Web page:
The correspondence with Simon de Vries also reveals Spinoza’s second kind of minor educational practice, namely, mentor of a collegium, established in Amsterdam. The group, made up of Spinoza’s closest and most trusted friends, received by letter the first versions of the Ethics and studied them in detail. In this case, the practice was directed not to the teaching of the novelty (Cartesianism), but to the truth, i.e., the Spinozean thought in open construction. Something of the recourse of dictation seems to remain in this practice, after all, according to the correspondent, the dynamics of the meetings of the collegium was as follows:

One of us (by turn) reads a passage, explains it at his discretion, and furthermore, demonstrates all propositions according to the order you have given. And if it happens that the answer that one gives does not satisfy the other, we think it is worth taking note of it and writing it, so that it clarifies to us, if possible, so that, with his help, we can defend the truth against the superstitiously religious and Christian, and to stand against the attacks of the whole world (Espinosa, Letter 8, 1988, p. 114).

As Deleuze (2012, p. 20) wisely commented on the collegium, “Spinoza is related to a large collegial group, he sends them the Ethics as he writes it, and they explain to themselves Spinoza’s texts, and they write to him, who replies”. Who, after all, made up this collective? Deleuze only recalled that its members were very intelligent people and rightly so: Simon de Vries and a young student named Joahannes Bouwmeester; doctors like Lodowijk Meyer and Johannes Hudde; traders, jurists, among other profiles, also attended the meetings.

Deleuze states that the Spinozian correspondence with the collegium is essential, making it clear that Spinoza had his little network (son petit réseau). Well, we see in a clear way, through Gallo’s conceptual displacement, that such a network is not simply small, but minor. For both the universe to which it was intended and the horizontal way in which it developed, there is pure political ramification in the practice of colleges members expressing that double political agency.

The rhizomatic form of this type of education does not appear so clearly if the role played by geometry in this process is not observed. According to Part I’s Appendix of Ethics, mathematics has value because it has brought to humans a rule of truth which has allowed them to escape the scheme of ordinary prejudices. After all, mathematics has no purpose in its course; it is not committed to any prejudice, since it is limited to be a machine of right and true deduction (Espinosa, 2015, p. 113). This coincides with the rhizomatic aspect of minor education didactic resources. The geometric demonstrations are never concluded, insofar as we can, from the deductions already obtained, always draw other original conclusions, and so on indefinitely. It is worth mentioning also that in this dimension, Spinozism recreated a consecrated method in the major education, making it turn against major education itself. Spinoza taught a doctrine that could not even aspire to the place of the great institutions, but used an expedient legitimized by them. Mathematics had surpassed, in the XVII century, the Quaestio de certitudine mathematicarum, a polemic that had put in check the certainty and evidence of mathematicians (Chaui, 1999). Finally, mathematicians’ knowledge triumphed, being recognized by countless Jesuits. Geometry, reinvigorated in its institutional legitimacy after Quaestio de certitudine, is applied to demonstrate novelty (Cartesianism) and truth (Spinozism)8.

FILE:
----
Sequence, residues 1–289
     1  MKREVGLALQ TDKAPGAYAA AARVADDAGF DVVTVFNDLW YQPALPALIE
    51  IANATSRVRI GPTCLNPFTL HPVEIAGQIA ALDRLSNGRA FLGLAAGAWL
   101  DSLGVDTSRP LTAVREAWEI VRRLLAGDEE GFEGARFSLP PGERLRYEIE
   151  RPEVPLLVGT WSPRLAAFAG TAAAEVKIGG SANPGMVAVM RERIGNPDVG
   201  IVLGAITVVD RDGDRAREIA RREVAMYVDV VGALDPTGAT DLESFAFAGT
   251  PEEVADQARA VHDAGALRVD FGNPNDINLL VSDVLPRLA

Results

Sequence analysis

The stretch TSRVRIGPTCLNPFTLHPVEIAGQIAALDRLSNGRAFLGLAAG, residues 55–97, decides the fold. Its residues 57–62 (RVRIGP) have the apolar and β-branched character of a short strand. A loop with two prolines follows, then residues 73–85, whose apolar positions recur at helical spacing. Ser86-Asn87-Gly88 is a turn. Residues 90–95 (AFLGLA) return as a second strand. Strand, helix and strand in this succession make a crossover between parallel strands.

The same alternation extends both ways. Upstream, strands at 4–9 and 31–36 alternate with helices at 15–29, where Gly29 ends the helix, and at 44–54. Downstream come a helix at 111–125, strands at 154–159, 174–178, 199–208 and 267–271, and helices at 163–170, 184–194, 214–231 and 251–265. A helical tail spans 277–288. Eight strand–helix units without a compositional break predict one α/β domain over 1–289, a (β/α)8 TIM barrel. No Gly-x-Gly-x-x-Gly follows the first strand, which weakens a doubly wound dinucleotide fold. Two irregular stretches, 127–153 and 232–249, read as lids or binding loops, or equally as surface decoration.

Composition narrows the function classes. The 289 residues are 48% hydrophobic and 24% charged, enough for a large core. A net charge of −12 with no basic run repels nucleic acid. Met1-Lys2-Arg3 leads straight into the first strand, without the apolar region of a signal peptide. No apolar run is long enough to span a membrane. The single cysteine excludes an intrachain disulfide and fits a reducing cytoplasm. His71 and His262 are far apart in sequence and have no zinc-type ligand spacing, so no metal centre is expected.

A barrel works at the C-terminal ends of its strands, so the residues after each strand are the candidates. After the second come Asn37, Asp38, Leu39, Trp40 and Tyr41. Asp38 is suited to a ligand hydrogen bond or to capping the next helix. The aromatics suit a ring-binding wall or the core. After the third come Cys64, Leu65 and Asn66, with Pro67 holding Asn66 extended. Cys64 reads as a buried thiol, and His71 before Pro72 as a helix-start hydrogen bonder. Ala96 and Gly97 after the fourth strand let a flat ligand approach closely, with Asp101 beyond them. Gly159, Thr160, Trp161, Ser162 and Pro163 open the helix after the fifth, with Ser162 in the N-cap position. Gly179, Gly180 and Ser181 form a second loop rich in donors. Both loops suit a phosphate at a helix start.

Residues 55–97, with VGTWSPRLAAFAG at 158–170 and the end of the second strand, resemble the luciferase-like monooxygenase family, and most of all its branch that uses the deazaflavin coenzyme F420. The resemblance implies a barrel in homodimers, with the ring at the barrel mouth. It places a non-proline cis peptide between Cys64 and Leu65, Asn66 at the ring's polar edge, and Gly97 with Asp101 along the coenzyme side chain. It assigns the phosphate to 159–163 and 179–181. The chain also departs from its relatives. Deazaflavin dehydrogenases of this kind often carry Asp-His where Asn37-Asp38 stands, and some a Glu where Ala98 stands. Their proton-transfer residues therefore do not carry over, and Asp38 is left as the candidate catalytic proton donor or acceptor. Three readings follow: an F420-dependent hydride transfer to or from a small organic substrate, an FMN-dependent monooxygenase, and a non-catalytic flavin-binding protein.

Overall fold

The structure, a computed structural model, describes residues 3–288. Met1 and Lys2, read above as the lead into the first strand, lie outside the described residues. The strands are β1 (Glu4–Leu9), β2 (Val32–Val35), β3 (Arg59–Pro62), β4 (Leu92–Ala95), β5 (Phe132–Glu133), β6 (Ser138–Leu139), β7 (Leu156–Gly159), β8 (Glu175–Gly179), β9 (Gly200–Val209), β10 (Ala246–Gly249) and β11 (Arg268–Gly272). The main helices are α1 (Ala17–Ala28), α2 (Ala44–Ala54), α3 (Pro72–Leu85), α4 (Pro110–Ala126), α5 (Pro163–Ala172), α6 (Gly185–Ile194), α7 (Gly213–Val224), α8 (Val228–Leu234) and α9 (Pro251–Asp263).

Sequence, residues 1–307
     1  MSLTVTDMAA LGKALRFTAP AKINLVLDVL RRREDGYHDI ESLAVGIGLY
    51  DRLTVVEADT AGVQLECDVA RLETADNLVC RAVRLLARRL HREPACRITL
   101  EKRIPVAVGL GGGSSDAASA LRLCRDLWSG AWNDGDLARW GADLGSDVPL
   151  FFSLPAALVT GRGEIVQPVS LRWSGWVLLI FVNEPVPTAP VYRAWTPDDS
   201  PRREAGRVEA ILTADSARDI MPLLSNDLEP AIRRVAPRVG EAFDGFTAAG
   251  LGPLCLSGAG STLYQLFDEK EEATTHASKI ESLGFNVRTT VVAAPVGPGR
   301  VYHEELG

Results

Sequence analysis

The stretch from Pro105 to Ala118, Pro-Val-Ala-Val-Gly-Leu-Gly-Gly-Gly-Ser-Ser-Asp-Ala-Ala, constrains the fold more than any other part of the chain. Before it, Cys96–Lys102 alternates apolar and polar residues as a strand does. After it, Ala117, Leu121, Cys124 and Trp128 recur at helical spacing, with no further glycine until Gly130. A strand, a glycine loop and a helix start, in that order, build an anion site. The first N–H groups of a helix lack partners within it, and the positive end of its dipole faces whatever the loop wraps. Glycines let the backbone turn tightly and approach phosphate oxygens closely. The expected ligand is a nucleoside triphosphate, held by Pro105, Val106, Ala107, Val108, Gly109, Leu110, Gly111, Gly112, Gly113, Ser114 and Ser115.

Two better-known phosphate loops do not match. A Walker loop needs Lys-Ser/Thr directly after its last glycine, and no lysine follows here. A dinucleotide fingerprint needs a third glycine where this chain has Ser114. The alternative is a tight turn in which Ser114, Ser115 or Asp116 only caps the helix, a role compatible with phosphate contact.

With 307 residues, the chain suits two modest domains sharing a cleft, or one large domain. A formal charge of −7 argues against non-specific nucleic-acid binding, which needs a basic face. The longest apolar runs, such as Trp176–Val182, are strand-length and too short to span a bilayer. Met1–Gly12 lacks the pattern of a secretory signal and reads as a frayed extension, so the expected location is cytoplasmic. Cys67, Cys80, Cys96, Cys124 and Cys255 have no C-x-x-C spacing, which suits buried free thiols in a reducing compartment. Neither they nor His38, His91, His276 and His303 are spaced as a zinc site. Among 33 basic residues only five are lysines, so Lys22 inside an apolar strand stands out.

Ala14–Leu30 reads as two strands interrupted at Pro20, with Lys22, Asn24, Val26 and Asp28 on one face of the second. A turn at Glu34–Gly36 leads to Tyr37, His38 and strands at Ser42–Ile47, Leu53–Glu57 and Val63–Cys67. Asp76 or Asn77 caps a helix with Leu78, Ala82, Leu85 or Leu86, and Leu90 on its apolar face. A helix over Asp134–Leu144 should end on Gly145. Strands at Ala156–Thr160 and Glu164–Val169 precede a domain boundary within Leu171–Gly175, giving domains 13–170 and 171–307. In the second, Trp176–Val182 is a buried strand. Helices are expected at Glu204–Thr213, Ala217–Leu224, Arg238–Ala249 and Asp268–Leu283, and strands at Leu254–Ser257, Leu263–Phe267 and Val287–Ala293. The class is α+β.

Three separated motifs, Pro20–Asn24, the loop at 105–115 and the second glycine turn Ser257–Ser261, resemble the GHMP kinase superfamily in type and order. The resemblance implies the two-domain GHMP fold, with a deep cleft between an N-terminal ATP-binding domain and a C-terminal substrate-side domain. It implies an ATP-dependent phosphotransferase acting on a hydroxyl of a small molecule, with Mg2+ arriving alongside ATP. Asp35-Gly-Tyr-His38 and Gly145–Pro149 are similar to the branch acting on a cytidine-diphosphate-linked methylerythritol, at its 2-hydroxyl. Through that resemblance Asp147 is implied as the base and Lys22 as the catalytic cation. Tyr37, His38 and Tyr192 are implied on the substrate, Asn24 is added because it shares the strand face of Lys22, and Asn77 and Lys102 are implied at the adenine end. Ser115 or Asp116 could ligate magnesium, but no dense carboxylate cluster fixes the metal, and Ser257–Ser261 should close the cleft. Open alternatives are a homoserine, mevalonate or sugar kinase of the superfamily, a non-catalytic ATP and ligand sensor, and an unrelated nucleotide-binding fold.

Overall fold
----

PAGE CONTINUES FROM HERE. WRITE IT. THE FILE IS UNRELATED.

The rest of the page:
Spinoza did not strive at all costs to be recognized in the whole, but on making himself felt in human singularities producing multiplicity, i.e., a unique collegiate group, immersed in the reading of a vast array of geometry definitions, propositions and demonstrations. He warned the friends to whom he wrote the Short Treatise on God, Man and his Wellbeing, so that they would not tell anyone the truths found there, and to be careful about following the brand new ideas of that time; the author pays all attention only to the reader’s salvation and well-being (Espinosa, 2012).